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We would like to thank Orlovich et al for their valuable contribution and the positive feedback on our article.1
We decided to focus our review on the chronic form of singultus, for intractable hiccups are understood as an independent pathology that differs from the acute form in both pathophysiology and mechanisms of generation. Whereas an acute bout of hiccups is generated by a specific afferent impulse leading to an activation of the reflex arc and subsequently limited by the elimination of the trigger, chronic hiccups are characterized by a repeated or continuous overstimulation of the mechanism that may persist independently from a possible causative factor. However, chronic activation of the reflex does not necessarily develop from the acute as caused by a definite incentive event but rather due to a gradual process of irritation. If a stimulus threshold within the reflex arc is exceeded, then the clinical picture of intractable singultus emerges.
We agree that acute hiccups are of greater clinical relevance to the anesthesiologist. Thus, review of the existing literature reveals a multitude of investigations on the therapy of singultus developing during induction or maintenance of general anesthesia. In our experience, instillation of cold substances, eg, lidocaine or ethyl chloride spray into the nostrils, leads to quick alleviation of the symptom.2,3 The fact that the nasal application of ice cold water was equally effective in a study by Ravindran4 suggests a primarily physical effect of this therapeutic strategy. Likewise, a ventilation maneuver similar to pulmonary recruitment as described by Baraka5 seems to be beneficial; in the conscious patient, administration of continuous airway pressure using high-pressure levels (25–30 cm H2O for 5–15 seconds) has also been reported as an effective means to terminate acute hiccups in the perioperative setting.6 We were also able to achieve sufficient results with the method suggested by Orlovich et al, although a risk of oronasopharyngeal injury with conjoined bleeding especially in anticoagulated patients has to be considered.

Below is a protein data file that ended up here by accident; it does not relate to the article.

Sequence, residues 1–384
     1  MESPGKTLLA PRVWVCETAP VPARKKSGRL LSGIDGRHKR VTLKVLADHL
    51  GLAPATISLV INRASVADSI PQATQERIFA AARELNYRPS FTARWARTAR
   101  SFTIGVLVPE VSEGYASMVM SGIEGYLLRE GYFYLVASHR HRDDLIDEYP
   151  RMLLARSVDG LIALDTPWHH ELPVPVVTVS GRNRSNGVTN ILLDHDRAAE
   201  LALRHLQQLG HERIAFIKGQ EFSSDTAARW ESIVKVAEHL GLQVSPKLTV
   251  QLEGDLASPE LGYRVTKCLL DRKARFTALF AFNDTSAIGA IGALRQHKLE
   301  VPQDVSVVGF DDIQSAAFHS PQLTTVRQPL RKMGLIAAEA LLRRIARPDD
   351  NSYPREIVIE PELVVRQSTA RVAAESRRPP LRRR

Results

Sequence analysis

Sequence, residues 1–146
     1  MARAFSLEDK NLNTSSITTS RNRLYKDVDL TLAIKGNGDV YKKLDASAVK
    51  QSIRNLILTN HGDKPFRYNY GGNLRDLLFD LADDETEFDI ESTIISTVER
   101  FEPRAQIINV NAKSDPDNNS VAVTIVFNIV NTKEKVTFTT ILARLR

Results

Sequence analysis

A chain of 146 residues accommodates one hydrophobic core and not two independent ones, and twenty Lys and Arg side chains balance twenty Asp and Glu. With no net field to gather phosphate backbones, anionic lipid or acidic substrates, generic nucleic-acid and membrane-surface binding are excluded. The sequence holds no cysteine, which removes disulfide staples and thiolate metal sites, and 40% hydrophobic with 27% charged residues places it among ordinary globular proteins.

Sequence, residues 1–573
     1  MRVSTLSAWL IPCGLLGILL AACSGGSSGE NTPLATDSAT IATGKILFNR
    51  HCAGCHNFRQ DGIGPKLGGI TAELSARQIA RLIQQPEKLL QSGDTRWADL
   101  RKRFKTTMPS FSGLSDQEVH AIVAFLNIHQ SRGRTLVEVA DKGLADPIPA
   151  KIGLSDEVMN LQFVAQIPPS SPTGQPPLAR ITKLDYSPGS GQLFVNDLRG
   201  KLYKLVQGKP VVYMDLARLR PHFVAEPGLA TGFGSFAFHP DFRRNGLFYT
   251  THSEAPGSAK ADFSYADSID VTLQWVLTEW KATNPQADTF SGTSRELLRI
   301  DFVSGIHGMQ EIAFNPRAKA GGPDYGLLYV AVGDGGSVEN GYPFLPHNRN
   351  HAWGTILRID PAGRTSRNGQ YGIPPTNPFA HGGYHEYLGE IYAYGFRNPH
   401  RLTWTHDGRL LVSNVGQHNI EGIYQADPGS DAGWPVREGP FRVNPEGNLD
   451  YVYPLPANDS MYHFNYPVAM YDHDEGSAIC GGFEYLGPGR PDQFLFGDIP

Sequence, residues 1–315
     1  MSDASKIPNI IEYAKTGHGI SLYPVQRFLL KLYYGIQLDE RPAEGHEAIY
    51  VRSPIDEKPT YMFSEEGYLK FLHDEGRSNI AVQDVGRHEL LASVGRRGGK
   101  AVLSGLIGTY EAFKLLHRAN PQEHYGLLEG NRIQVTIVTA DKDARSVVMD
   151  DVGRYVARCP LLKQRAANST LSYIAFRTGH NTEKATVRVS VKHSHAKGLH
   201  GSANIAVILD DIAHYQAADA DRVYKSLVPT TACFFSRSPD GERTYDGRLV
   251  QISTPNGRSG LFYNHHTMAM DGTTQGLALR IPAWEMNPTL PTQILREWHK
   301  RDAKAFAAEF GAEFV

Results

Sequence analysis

To us it would be of great interest to investigate transition from acute to chronic singultus with regard to the mechanisms promoting the chronification process. A better understanding of this sequence could be beneficial for a more specific treatment and the early prevention of hiccup chronification.
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